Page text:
Published online by Cambridge University Press: 24 June 2014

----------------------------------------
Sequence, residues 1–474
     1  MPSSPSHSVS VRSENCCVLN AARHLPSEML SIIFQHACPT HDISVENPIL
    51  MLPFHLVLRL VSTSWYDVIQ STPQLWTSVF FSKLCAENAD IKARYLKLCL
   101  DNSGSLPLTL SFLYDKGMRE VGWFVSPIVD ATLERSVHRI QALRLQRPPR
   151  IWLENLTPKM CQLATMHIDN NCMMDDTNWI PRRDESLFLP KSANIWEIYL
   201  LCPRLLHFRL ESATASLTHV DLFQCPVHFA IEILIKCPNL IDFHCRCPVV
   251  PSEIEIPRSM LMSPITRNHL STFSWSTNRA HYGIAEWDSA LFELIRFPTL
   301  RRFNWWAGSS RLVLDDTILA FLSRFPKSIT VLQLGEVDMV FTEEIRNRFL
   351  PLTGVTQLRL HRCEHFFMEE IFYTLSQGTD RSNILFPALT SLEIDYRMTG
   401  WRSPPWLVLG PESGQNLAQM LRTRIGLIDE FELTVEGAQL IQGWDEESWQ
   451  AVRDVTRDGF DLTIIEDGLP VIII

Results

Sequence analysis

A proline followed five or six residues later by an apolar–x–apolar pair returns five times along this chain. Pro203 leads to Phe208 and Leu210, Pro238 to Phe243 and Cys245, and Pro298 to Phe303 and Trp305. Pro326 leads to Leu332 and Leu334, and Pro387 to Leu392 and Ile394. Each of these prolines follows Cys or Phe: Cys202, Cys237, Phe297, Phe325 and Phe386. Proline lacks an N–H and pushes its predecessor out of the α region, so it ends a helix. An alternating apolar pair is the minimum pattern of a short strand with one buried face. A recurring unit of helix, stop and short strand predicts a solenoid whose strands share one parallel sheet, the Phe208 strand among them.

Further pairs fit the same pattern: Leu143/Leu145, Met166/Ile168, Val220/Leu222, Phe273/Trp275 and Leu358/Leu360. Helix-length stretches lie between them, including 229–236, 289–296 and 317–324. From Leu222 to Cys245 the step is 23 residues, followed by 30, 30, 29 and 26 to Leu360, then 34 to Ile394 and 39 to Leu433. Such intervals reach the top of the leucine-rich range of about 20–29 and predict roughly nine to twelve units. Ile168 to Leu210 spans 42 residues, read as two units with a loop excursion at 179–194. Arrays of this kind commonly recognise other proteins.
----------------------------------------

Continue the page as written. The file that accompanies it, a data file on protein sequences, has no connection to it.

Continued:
This paper examines the relationship of recent life events to specific kinds of depression using published studies and the author's own work. An overall effect of life events on depression has been found consistently and is moderate in degree. In suicide attempts there are stronger and more immediate effects than in depression. Life events precede both non-melancholic and melancholic depressions. It is only in recurrent depressions that life events are less common with melancholic pictures. Life events influence bipolar disorder as well as unipolar. Mania may be preceded by life events, particularly those involving social rhythm disruption, but it is harder to rule out events which are consequences of insidious development of illness. There are strong effects of life events and social support in postpartum depressions but in postpartum psychoses these effects are absent. Events precede depression comorbid with other disorders as well as pure depression. The course of depression is also influenced by life stress with less remission where negative events occur after onset and better outcome where earlier adverse events are neutralized. Relapse is related to immediately preceding life events. However, where depressions are both severe and recurrent life stress effects weaken and as the number of episodes increases preceding life events lessen. These findings suggest that some kinds of depression are more related to psychosocial causation and some are more biological in origin.